A Newport favorite comes to Wayland Square
If you’ve ever been to Pasta Beach in Newport, you know it’s worth the drive. The pizza is wood-fired, the pasta is always al dente and the decor is perfectly inviting. Lucky for us, Pasta Beach recently opened a location in Wayland Square, which is great for those unable – or unwilling – to drive more than 20 minutes for a darn good meal. With a heavy nod to a more traditional Italian menu as opposed to Italian-American fare (that means no spaghetti and meatballs), the food is lighter, healthier and just plain delicious.
195 Wayland Avenue
The traditional dumpling gets a New England twist in Downcity
In a town that drools over every new restaurant, a long-awaited addition is finally here: Tom’s BaoBao. Tom’s is taking the space next to The Malted Barley with a focus on bao. Bao (bao bao or baozi) is a Chinese steamed bun that is similar in shape to a dumpling, but much larger in size with a softer, fluffier dough. There are tons of varieties of bao in China. Tom’s is making a variation popular in Shanghai.
“Our two most traditional bao offerings are the Vegetarian and Juicy Pork Bao,” says CEO and founder Tom Tong. “The Vegetarian is made with bok choy, shitake mushrooms and fried tofu, and is very popular in China for breakfast and lunch. The Juicy Pork is a delicacy in China, and our most popular item. Either of these flavors would make a great introduction to the world of bao.” They’ve even made a special bao to commemorate their arrival in New England: the seasonal Lobster Bao.
But when it comes down to it, it’s all about the dough, and he keeps his very simple: Chinese winter wheat, a bit of whole grain, yeast and water. For Tom, the texture is unlike any other dough you can find in America. “It is incredibly soft and stretchy, and springs back into place when pushed against,” he says. “In order to pack as much goodness into each bao as we can, we need a dough that can be worked by the skilled hands of our baoists and a dough that stands up to the steaming process. Inferior dough equals leaky bao, and nobody wants that.” Most of all, Tom and his team are excited to introduce diners to something new and hope that they will come in, ask questions and eat it until they are as crazy about bao as they are.
326 Westminster Street
Providence finally gets a specialty donut shop on Ives Street
They’re best when they’re fresh off the fryer. Warm, doughy, ready to be glazed. Once glazed and set, that first bite is euphoric, a rarity to experience. I’m talking about donuts, and there is nary a person who can pass them up. Sure we have Dunkies, but Providence has been missing a dedicated donut shop, until now.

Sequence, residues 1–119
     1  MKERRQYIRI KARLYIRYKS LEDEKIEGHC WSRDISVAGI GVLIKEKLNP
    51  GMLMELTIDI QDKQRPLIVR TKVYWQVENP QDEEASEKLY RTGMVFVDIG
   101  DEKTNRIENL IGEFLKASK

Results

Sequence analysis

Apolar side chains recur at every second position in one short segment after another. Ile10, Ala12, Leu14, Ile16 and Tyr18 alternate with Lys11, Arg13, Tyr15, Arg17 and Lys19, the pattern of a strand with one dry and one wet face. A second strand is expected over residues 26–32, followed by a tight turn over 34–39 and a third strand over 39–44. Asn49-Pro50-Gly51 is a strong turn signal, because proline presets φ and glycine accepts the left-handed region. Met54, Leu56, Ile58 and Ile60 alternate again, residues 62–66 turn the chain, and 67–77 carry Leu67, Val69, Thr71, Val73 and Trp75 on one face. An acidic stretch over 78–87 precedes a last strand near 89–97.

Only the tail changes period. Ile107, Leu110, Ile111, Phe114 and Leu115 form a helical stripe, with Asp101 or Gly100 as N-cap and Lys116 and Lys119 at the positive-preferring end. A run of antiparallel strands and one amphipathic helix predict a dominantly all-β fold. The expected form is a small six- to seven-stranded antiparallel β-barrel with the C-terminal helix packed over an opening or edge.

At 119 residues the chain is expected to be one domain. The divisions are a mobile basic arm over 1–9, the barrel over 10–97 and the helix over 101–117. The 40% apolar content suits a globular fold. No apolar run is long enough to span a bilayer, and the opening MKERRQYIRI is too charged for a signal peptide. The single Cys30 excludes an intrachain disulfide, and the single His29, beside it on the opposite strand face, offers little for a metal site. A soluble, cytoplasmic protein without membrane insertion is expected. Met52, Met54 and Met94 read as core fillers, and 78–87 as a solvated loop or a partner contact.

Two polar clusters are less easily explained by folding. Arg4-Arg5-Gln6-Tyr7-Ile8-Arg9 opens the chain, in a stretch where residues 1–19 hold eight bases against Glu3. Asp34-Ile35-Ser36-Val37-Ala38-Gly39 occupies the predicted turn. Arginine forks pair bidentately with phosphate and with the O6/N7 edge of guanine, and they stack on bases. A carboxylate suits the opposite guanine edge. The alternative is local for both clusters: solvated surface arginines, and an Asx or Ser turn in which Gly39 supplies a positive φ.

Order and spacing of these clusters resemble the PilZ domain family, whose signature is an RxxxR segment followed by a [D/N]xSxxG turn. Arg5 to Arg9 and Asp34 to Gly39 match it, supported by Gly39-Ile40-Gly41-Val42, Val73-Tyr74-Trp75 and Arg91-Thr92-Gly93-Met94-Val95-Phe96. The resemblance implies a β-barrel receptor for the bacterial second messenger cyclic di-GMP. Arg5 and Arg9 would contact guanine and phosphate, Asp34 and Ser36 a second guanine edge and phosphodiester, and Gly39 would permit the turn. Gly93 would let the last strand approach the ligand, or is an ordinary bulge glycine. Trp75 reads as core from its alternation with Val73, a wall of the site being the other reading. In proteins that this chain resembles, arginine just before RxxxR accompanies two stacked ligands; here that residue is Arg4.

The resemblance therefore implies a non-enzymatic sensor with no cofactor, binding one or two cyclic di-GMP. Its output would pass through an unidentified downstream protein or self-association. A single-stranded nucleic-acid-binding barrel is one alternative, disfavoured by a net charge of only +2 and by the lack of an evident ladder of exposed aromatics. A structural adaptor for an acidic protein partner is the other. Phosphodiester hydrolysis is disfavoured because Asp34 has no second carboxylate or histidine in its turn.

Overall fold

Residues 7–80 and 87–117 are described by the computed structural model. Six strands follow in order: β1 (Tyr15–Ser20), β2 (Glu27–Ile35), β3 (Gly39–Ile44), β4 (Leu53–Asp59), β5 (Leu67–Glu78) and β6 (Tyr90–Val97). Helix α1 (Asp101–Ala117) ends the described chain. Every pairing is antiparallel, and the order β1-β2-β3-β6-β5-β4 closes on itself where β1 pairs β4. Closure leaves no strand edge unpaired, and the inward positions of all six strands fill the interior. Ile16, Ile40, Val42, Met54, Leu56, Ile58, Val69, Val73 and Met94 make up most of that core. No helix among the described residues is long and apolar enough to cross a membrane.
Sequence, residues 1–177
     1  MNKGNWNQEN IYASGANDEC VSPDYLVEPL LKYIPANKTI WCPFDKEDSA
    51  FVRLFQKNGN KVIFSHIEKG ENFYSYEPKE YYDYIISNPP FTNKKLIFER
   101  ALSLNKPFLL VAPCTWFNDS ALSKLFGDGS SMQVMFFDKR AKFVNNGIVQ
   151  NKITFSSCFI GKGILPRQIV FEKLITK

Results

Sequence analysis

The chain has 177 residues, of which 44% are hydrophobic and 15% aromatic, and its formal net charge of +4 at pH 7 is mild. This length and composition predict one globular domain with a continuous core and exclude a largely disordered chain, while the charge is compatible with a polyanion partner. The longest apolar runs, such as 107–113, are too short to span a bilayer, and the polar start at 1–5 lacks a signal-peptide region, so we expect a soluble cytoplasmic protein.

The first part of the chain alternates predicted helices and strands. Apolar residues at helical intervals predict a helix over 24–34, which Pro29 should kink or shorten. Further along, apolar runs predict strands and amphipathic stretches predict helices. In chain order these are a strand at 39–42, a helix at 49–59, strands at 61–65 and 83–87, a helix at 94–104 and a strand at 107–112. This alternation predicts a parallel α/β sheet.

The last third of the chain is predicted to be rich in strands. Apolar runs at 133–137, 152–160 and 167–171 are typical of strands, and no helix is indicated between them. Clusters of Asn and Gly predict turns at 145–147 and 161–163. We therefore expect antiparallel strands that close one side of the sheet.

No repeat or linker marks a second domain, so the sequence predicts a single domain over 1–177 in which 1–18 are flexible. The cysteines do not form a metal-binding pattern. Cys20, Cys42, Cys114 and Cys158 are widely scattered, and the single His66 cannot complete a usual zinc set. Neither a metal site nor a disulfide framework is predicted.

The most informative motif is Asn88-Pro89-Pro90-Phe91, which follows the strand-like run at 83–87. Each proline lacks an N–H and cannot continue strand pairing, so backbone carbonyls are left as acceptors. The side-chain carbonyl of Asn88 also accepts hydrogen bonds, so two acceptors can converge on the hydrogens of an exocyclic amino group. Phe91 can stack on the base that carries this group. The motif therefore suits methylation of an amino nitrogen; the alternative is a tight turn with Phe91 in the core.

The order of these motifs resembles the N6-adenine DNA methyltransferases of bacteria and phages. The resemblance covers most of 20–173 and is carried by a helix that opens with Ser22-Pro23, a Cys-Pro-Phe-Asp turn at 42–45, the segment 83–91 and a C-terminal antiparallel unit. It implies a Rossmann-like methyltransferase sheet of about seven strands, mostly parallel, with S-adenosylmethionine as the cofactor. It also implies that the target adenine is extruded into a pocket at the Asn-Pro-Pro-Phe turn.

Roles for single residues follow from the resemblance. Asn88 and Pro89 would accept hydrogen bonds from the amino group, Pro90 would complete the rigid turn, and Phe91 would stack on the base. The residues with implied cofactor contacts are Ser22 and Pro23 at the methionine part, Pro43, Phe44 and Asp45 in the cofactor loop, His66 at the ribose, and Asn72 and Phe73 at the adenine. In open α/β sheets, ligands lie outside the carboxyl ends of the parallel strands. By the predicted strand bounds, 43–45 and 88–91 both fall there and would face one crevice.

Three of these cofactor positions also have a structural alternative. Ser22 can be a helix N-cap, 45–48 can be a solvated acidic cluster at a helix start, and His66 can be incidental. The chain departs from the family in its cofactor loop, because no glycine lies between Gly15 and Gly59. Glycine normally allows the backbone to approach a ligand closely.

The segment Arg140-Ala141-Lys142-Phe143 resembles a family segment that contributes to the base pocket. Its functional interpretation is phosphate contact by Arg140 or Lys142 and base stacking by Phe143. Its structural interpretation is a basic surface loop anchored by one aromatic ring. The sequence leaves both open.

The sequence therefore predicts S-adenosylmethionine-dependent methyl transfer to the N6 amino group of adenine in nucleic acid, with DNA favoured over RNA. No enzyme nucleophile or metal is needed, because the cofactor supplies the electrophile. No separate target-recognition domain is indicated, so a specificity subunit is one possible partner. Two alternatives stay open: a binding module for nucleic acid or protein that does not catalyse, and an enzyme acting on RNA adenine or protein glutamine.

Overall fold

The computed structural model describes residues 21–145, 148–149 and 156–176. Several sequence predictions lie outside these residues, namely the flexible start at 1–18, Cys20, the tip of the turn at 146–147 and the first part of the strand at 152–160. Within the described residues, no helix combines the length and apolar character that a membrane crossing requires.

PVDonuts is the brainchild of Lori and Paul Kettelle, whose hobby was to try and find the best donut shops around. “In Maine we always went to Holy Donut, whose gluten-free donuts are always better,” Lori explains. “Whenever we came back to RI we wondered why there wasn’t something like that here. So I started playing around with recipes in the kitchen and gave them to friends. Paul said that PVDonuts would be a perfect name.” And the rest is history.
PVDonuts started at culinary incubator Hope & Main and Warren, but quickly outgrew it – like, after a month. The first weekend Lori and her very loyal friends (read: folks with access to fresh donuts) made 11 dozen donuts for two shops. The second weekend they made 24 dozen donuts on Saturday alone, which pretty much tripled their wholesale accounts. Knowing that the fryer at Hope & Main could only fry nine donuts at a time, Lori had to expand, and quickly.
“I used to work with Jen at Sin, and she was looking for someone to rent retail space,” Lori explains. “It was perfect timing. For our opening weekend, our goal [was] to do between 7,000-10,000 donuts. Fourteen hundred people [had] RSVP’d, and 4,000 people [were] interested in the event.” She soon outgrew that space on Allens Avenue in Providence, too, and has now moved PVDonuts to Ives Street on the East Side.
But let’s talk flavors. This writer’s favorite is hands down the brown butter glazed topped with candied pecans. The brown butter glaze just hits all the right notes, a little salty and a little sweet, and the candied pecans bring in a rustic flavor that just begs to be had with a cup of coffee. Look forward to other varieties like peanut butter and jelly, key lime curd with meringue on top, maple glaze topped with bacon, strawberry glaze, vanilla bean glaze with toasted coconut, I could go on. She’s even working on gluten-free and vegan varieties.
When asked about her favorite flavor, Lori said that although she is still figuring out the recipe it is a chocolate donut with a sea salt glaze. For the love of all things holy I seriously hope she figures out that recipe so I can eat it ASAP. In the meantime, contentment will have to lie in her 24-hour raised brioche dough. With hardly any sugar, and lots of butter, it allows the flavors of the toppings to shine through. If only there were some coffee to complement the donuts. Don’t worry, Lori is offering cold brew and regular coffee. I can’t wait to see what other delectable combinations she dreams up next.
79 Ives Street, Providence
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